Brown timely appealed and he argues two points.3 First, he argues the trial court should have granted his motion to suppress because the probationary search was simply a "ruse" for the task force to conduct a warrantless search with less than probable cause. Second, he asserts there was legally insufficient evidence because the agents seized the evidence from his "brother's apartment" and there was no evidence linking Brown to the crack.
A. Brown's Motion to Suppress
Relying upon United States v. McFarland, Brown argues that the trial judge should have suppressed the evidence because the probationary search was no more than a "ruse for a police investigation." 116 F.3d 316, 318 (8th Cir.1997). Stated differently, he argues that Allison was only a "stalking horse" for law enforcement. See United States v. Reyes, 283 F.3d 446, 462 (2d Cir.2002). The government counterargues that United States v. Knights, 534 U.S. 112, 121, 122 S.Ct. 587, 151 L.Ed.2d 497 (2001), eliminates the stalking horse theory. We agree with the government.
i. Probationary Searches
In McFarland, we "agree[d] that a parole search is unlawful when it is nothing more than a ruse for a police investigation." 116 F.3d at 318. We also noted that parole officers may work with police officers provided the parole officers are pursuing parole-related objectives. Id. But, the Knights case teaches that traditional Fourth Amendment analysis-not official purpose-determines whether a probationary search is constitutional. Knights, 534 U.S. at 122, 122 S.Ct. 587.
In Knights, the defendant agreed to a probationary condition that authorized probation officers and other law enforcement personnel to search his property. Id. at 114, 122 S.Ct. 587. The written consent form did "not mention anything about purpose." Id. at 116, 122 S.Ct. 587. After a law enforcement officer discovered evidence during a "probationary" search, the trial court granted the defendant's motion to suppress, finding the search was for "investigatory" rather than "probationary" purposes. Id. The Ninth Circuit affirmed. Knights, 219 F.3d 1138 (9th Cir.2000). The Supreme Court framed the question as whether the Fourth Amendment limits searches pursuant to such a probation condition to searches with a "probationary purpose." Knights, 534 U.S. at 116, 122 S.Ct. 587.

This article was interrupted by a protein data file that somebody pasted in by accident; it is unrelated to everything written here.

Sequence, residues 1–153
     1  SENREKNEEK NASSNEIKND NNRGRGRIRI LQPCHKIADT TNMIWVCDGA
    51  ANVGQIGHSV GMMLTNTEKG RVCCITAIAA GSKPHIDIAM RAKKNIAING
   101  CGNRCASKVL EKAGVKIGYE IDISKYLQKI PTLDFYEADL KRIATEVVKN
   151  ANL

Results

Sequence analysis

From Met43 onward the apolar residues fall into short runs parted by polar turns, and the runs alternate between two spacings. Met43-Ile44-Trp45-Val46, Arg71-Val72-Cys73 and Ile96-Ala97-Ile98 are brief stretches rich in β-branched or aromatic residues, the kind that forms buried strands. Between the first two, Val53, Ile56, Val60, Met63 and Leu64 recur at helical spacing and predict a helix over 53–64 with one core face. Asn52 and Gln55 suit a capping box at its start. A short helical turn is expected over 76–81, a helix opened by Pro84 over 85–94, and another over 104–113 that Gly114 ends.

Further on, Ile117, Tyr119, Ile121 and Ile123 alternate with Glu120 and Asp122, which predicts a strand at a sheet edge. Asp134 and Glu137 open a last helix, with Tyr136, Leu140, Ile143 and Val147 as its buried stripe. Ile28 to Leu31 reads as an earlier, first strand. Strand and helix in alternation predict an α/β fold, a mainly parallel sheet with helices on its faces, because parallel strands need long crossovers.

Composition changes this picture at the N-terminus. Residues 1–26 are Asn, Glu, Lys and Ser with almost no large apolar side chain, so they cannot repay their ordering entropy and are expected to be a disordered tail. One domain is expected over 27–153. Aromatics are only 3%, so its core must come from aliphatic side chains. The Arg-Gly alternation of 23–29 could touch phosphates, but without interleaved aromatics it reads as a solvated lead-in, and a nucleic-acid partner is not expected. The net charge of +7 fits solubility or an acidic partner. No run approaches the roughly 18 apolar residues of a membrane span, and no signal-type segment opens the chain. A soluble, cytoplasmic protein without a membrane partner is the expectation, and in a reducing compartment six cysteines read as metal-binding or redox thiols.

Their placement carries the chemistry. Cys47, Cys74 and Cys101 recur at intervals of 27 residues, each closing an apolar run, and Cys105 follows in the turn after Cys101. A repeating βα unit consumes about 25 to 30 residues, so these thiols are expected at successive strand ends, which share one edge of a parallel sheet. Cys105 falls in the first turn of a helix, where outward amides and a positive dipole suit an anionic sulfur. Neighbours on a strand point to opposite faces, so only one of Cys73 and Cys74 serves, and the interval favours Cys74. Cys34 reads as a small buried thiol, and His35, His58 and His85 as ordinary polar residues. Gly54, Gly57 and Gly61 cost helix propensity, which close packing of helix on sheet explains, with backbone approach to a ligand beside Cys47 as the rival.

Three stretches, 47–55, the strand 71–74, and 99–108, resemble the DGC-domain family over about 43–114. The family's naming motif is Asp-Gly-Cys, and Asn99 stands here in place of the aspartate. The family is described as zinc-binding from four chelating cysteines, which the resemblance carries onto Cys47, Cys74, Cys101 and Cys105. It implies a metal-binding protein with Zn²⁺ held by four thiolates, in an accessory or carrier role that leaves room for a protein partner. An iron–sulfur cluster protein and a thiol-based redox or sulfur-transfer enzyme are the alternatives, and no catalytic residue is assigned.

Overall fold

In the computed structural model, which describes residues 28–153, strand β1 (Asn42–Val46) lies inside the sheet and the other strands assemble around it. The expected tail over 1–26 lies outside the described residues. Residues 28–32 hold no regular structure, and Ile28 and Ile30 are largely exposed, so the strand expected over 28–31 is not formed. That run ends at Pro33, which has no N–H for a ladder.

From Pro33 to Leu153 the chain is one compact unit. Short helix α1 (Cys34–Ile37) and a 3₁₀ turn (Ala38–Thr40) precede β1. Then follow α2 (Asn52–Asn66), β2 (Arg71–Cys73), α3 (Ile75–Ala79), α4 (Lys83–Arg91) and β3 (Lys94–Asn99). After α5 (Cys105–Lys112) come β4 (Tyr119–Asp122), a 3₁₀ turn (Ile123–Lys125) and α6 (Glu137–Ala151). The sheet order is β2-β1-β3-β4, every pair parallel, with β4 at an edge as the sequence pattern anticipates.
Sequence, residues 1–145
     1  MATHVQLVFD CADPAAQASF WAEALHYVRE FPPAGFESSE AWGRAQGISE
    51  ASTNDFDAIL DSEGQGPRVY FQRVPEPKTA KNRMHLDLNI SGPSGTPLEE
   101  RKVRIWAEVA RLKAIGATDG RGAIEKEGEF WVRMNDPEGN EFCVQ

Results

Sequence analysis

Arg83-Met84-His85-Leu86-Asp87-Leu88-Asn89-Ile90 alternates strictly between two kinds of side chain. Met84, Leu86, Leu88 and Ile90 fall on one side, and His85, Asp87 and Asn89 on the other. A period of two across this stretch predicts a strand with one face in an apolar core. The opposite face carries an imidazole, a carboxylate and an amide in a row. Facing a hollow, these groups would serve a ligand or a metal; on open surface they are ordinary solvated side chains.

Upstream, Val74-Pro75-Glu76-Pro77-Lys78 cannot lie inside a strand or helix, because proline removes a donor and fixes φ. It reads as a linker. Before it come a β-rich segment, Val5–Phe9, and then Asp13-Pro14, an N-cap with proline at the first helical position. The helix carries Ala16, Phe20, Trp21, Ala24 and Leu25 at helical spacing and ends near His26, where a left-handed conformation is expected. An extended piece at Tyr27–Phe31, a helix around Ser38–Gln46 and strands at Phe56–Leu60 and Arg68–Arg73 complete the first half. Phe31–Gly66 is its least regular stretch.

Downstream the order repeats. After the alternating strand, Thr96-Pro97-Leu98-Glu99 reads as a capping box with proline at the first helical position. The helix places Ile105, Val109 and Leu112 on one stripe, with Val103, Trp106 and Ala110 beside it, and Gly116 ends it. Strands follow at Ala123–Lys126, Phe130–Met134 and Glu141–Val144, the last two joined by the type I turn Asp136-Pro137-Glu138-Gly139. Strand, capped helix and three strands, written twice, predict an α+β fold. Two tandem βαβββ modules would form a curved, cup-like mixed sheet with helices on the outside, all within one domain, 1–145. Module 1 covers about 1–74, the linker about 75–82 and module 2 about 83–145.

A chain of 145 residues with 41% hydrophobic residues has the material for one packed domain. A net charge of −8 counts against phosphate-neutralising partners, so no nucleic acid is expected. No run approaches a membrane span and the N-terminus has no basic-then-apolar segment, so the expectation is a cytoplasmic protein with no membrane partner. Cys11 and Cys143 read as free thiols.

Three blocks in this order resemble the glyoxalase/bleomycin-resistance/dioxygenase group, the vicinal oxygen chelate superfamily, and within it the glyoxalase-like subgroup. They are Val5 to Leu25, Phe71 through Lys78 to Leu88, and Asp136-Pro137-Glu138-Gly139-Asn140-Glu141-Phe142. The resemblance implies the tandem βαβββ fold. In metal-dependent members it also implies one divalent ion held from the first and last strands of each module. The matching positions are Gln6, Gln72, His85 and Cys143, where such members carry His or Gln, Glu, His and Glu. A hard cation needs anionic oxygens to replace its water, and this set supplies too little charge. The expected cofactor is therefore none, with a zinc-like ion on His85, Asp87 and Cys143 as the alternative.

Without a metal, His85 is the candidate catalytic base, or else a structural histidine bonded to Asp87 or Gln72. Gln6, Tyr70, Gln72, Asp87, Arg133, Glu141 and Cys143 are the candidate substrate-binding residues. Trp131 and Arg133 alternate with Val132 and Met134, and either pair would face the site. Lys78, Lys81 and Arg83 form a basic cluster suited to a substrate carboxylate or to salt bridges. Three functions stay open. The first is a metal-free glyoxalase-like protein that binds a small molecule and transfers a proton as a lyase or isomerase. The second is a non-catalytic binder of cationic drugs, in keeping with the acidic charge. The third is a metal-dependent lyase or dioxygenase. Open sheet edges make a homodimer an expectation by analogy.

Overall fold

The Court used the traditional Fourth Amendment balancing test to determine the search's constitutionality. We turn first to that balancing in our analysis of Brown's probationary search.
In every Fourth Amendment case, courts must balance the competing values. On the one hand, we jealously guard privacy and our citizens' right to be free from unreasonable government intrusion. While on the other, we encourage zealous law enforcement to ensure our citizens can safely enjoy their liberties. Accordingly, to determine whether the Fourth Amendment forbids a search, we weigh the degree to which a search intrudes upon an individual's reasonable expectation of privacy against the degree to which the government needs to search to promote its legitimate interests. Id. at 119, 122 S.Ct. 587.